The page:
Tuesday, July 12, 2016

#transformationTuesday: This is a long post

There's maybe a 20lb difference between these pictures. MAYBE. 

The real difference between the two is how happy I am now versus 2014.

In the 2014 picture, I was visiting my favorite person, in my favorite city, in my favorite country, but I was overwhelmed with anxiety, even though I thought I was managing it just fine, and I know I did not enjoy this trip as much as I should have. I absolutely was not managing fine at all.

The issue was that no technique for managing anxiety without medication worked for me but I didn't want medication, partially because I didn't have insurance to help cover the cost, but mostly because I knew I couldn't write when I was medicated.

That sounds weird right? I can't say it's true for everyone. I didn't even consider it a possibility until I read The Midnight Disease where the author discusses different neurological issues and how it affects writing, including medications. Only then did I question how ssri's had affected my writing when I was on one.

From 2007 to 2009 I was on an ssri and doing pretty well. Although it didn't manage my anxiety 100%, it brought it down to a level where it wasn't suffocating or debilitating. Everyday life got easier but writing became more and more difficult. The words were there but I had extreme trouble getting it from my brain to the computer. This was a real issue in the 2007/08 as I was finishing up my BA in English and creative writing. But I didn't realize the medication was part of the issue then. I stayed on my meds because I wasn't going back to my old anxiety levels.

It wasn't until my health insurance ran out in 2009 that I stopped taking the meds. And I started writing again. I still didn't make the connection to my ssri. I thought I was writing because I was happy again. I had quit a job that made me miserable and suddenly I felt like I could breathe. I had all this freedom and all these stories to catch up on.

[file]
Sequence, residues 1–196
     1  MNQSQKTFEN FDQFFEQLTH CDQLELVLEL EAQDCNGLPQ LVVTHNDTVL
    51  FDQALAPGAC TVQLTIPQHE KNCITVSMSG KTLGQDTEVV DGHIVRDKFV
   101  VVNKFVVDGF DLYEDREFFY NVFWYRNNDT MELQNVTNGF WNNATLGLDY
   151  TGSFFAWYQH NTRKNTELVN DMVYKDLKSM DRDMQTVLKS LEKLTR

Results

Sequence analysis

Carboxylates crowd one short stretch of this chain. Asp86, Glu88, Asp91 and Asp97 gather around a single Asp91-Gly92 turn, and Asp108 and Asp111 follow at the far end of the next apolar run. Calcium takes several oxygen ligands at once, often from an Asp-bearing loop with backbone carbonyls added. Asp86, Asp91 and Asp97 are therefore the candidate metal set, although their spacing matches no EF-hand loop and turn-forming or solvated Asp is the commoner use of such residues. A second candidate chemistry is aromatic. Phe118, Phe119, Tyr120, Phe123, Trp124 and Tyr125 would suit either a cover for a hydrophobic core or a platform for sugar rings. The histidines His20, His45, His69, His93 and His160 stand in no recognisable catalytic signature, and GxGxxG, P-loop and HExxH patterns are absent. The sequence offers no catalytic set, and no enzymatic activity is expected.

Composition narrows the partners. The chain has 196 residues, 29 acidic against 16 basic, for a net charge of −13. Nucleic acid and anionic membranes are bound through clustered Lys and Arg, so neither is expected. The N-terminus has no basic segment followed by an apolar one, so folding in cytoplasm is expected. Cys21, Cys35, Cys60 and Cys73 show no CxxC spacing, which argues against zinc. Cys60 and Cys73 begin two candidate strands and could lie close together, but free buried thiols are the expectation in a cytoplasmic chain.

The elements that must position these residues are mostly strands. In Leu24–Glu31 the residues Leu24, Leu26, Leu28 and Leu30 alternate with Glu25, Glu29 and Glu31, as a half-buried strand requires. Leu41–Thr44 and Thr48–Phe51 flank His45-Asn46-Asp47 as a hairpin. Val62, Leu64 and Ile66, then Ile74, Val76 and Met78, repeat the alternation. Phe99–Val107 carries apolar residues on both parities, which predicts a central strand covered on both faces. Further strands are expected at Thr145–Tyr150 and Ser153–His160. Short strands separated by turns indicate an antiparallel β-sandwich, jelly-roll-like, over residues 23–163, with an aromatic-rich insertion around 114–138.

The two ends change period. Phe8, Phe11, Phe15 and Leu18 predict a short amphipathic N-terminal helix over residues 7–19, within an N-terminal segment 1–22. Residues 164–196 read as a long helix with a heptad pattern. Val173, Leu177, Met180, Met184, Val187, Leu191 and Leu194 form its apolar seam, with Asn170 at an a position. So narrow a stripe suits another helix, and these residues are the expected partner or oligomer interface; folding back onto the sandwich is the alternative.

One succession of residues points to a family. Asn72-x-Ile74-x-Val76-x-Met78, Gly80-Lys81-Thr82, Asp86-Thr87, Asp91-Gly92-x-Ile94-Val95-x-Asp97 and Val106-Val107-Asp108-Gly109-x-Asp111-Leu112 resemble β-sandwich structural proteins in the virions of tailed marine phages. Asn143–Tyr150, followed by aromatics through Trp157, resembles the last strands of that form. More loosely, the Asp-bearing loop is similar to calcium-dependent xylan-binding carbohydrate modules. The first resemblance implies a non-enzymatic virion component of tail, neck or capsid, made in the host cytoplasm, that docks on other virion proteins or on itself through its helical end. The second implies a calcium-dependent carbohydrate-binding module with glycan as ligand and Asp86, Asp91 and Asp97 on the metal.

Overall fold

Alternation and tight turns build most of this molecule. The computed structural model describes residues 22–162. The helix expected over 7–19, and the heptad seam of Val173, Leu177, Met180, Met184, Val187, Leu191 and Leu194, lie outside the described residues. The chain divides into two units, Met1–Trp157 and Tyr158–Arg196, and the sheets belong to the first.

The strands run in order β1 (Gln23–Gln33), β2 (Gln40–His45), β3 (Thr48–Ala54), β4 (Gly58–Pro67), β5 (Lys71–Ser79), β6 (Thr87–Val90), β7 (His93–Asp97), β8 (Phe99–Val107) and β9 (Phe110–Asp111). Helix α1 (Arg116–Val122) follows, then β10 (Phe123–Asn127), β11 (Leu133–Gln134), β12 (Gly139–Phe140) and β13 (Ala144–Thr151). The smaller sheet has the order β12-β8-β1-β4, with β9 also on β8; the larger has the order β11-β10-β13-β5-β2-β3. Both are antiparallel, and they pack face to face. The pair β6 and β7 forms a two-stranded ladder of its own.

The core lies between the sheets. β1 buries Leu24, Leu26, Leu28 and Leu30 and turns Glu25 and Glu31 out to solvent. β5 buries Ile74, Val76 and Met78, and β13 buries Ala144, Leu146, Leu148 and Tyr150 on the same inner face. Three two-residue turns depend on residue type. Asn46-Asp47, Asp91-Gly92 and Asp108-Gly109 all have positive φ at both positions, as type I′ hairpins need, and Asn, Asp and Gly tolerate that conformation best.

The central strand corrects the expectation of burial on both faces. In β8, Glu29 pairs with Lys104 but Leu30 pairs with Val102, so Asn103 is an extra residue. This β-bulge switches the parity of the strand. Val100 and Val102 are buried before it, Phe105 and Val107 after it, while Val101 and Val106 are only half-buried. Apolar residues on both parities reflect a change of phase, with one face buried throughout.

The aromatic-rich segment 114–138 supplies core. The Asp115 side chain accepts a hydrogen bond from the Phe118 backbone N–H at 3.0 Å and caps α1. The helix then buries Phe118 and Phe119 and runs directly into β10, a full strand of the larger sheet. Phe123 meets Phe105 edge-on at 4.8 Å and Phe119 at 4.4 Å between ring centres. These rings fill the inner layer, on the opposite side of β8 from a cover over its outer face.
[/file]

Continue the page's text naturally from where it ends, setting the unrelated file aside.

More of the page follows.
When I look back at it now, life kept getting smaller and smaller around me, like a shrinking black circle. At the time I reasoned it away. I blamed money, growing older, friends moving, and so and so forth. But after the 2014 trip, I realized it was none of those things. Instead, I had let anxiety swallow me up again and close off my life.

A few months after my 2014 trip, when I got health insurance again, I went to a doctor, just a regular general practitioner, with two things on my mind: stopping my periods from lasting two to three weeks at a time and managing my anxiety without an ssri because by then I had read The Midnight Disease and I needed to balance my writing career with my mental health.

To be honest, insurance wasn't the real thing stopping me from going before, it was anxiety. Insurance was just a reasonable excuse that everyone else would accept. I'm terrified of doctor's visits. I don't know why. I don't know why I'm terrified of everything. I just know it's not normal to pray that you get hit by a bus on the way to the doctor's office because you would rather die in a bus accident than visit a doctor.

But I didn't get hit by a bus. Instead I went to the doctor and was prescribed Wellbutrin, Xanax, and a referral to a therapist. Wellbutrin was awesome, I was like over the moon happy and never terrified. I'd still be on Wellbutrin now, except it made me feel like my heart was going to explode through my rib cage. Wellbutrin gave me heart palpitations, so goodbye Wellbutrin.

Then we tried amitriptyline. amitriptyline was doing pretty ok but I still had to use Xanax more than I would have liked. So we upped the dosage of amitriptyline and since then my world and life has opened up again.

There have been other things that have changed in the last couple of years. Medication didn't solve all my problems. Medication still doesn't take away all my anxiety, but I can go to the doctor without having a panic attack and thinking of ways to die to get out of it. I can ask for help in a store. I can go to a store. I can make a phone call. I'm not constantly worried and terrified of absolutely every little thing. I still sometimes get panic, I still sometimes take a Xanax but maybe only a couple of times a month, maybe less. Or if I have to get on a plane.

My life isn't perfect. 
I'm still older, my friends are still far away, I still have no money. 

But I'm happier now than I was in 2014. Maybe it's not visible in the two pictures to everyone. There are little signs I can see like my smile is more genuine in the after picture. I'm not wearing a jacket or a sweater because I'm not scared that someone will make fun of my fat arms or whatever I was scared of before that made me cover up. Instead, I'm enjoying my time with my best friend. I'm having the time of my life.

Not all transformations are visible.